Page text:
Back Pain in Athletes

Whether you are a weekend warrior or a high school, collegiate, or professional athlete, chances are that you have experienced back pain at some point in your athletic career. The most common type of back injury for New Jersey athletes is muscle strain, which can occur when muscles become adjusted to sudden movements and change in posture after being used repetitively over time. These types of injuries result from the body’s response to fatigue and inadequate recovery time between workouts or practices.

Athletes who experience back pain are at risk of losing their ability to compete. If you’re an athlete suffering from chronic low-back pain or know someone who might need these services, don’t hesitate to get in touch with a New Jersey Back Pain specialist. They specialize in treating lower back injuries and providing therapy options that will help prevent them from happening again. This article will outline how athletes can prevent and treat this debilitating condition.


It is estimated that back pain affects as many as 80% of people at some point in their lives.

Poor posture

  • Slouching or bending forward can put pressure on the lower spine, which may cause compression and irritation of nerve roots and discs.
  • Avoid sitting with your knees higher than your hips.
  • Avoid carrying heavy items close to your waistline.
  • Use lumbar support when sitting.

Incorrect footwear

Wearing shoes that don’t properly fit may result in increased stress on the:

  • Feet
  • Ankles
  • Legs
  • Back
  • Neck
  • Head

The stress in these areas will lead to back pain.


Athletes often experience back pain from overuse. When athletes get an injury, they try to play through it until the pain becomes unbearable or can’t walk anymore.

The most common lower back injuries in athletes are muscle strain and lumbar disc herniation.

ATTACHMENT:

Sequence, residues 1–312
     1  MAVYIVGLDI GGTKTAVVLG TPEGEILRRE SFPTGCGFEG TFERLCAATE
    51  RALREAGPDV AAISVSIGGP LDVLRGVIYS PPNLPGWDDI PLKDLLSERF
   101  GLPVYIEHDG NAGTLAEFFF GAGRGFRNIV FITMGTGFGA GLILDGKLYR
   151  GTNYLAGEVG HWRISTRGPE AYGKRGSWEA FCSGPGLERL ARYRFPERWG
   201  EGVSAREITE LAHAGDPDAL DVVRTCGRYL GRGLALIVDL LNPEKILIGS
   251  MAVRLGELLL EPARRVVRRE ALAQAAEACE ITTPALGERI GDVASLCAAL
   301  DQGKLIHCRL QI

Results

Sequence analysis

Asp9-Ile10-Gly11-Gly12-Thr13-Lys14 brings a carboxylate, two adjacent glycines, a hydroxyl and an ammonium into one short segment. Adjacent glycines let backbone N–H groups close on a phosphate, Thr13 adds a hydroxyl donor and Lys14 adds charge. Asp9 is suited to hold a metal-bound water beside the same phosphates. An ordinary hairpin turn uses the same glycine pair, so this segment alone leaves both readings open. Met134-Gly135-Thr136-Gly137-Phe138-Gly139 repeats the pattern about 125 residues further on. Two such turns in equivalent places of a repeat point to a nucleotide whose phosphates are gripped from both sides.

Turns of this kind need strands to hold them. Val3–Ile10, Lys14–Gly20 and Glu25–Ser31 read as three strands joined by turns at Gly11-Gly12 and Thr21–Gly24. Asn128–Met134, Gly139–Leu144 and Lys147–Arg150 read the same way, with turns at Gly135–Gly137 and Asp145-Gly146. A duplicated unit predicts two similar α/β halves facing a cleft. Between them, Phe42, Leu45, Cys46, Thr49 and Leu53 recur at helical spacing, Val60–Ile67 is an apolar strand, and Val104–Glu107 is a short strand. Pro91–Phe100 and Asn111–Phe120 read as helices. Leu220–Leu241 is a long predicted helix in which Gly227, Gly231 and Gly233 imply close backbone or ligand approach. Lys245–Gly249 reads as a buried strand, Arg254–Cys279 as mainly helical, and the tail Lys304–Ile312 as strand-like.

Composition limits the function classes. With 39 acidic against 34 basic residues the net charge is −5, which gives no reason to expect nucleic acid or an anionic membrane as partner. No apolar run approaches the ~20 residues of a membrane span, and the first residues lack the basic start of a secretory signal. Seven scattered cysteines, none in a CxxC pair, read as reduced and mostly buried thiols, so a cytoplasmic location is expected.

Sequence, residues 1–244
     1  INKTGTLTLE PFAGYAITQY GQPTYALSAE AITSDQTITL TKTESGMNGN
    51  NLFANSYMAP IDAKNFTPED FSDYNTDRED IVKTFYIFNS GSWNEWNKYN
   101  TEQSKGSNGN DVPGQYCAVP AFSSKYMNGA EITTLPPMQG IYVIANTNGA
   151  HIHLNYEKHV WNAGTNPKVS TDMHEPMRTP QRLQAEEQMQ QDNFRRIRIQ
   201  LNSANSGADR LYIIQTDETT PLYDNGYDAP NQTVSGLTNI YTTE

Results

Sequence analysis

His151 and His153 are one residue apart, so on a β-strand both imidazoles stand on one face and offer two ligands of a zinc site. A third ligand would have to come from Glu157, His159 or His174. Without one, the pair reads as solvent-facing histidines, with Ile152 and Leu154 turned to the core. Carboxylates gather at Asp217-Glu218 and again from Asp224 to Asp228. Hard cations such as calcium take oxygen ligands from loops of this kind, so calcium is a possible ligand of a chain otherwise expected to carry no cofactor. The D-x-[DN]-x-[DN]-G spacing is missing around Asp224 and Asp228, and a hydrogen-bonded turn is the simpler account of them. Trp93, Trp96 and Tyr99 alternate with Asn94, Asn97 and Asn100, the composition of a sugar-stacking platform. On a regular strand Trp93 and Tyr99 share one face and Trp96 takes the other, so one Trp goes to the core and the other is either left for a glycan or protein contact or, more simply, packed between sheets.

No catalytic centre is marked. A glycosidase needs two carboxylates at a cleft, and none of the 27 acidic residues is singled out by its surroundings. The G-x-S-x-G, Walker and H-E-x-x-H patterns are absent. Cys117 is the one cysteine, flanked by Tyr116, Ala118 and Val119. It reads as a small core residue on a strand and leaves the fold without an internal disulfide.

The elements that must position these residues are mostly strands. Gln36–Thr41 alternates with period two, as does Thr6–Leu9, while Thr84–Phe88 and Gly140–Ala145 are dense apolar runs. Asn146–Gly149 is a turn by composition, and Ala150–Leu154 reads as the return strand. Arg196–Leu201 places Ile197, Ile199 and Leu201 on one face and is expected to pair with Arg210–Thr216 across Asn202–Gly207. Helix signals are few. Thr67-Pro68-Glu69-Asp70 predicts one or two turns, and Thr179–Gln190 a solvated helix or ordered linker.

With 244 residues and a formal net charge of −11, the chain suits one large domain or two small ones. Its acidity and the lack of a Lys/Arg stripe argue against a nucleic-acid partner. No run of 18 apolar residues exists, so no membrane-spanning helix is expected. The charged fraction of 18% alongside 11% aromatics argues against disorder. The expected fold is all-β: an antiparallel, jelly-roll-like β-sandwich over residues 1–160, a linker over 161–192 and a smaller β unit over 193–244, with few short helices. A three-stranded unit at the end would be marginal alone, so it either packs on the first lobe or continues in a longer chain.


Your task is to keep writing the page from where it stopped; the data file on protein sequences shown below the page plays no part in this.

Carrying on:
Lower back pain is one of the most common injuries for any athlete playing sports involving running, jumping, or lifting weights.

It’s essential to know some basic signs so you can help yourself before things get worse. These signs include:

  • Pain in the middle of your lower spine
  • A deep ache with no obvious cause
  • Difficulty walking


The first step is identifying the type of athlete you are, what activities you participate in, and your training schedule. Once these factors have been established, it’s easier to identify an underlying cause for the pain, such as a disc herniation or arthritis, which should be treated by a medical professional before any other steps are taken. There are many other things you can do to prevent back pain from occurring or getting worse, such as:

  • Increasing activity levels gradually while maintaining proper posture during movement
  • Stretching muscles regularly before and after exercise
  • Taking breaks when needed so as not to overwork them with repetitive motions throughout the day
  • Using ergonomic chairs/desks
  • Using heat or cold packs
  • Changing positions often and do back strengthening exercises
  • Drinking lots of water to keep your muscles hydrated
  • Sleeping on a firm mattress with good support

In conclusion, athletes are at a much higher risk for developing chronic low-back pain due to the demands of their sport. The most common causes of this type of injury are repetitive overuse and muscle imbalance, leading to excessive stress on the discs between the vertebrae. With proper treatment, athletes should be able to return to sports without any problems.